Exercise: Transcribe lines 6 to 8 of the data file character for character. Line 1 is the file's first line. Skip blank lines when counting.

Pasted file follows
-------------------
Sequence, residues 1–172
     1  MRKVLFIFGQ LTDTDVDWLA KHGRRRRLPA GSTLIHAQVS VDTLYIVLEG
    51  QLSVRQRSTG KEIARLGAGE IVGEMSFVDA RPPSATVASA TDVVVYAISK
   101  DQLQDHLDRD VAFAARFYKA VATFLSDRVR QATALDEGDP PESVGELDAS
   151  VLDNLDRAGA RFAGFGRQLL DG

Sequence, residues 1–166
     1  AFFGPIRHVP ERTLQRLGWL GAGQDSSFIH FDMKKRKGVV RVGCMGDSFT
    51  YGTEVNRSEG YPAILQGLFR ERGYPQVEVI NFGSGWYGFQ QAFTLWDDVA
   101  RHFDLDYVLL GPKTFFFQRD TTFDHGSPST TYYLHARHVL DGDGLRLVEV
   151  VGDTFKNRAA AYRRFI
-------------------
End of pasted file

Sequence, residues 1–166
     1  AFFGPIRHVP ERTLQRLGWL GAGQDSSFIH FDMKKRKGVV RVGCMGDSFT
    51  YGTEVNRSEG YPAILQGLFR ERGYPQVEVI NFGSGWYGFQ QAFTLWDDVA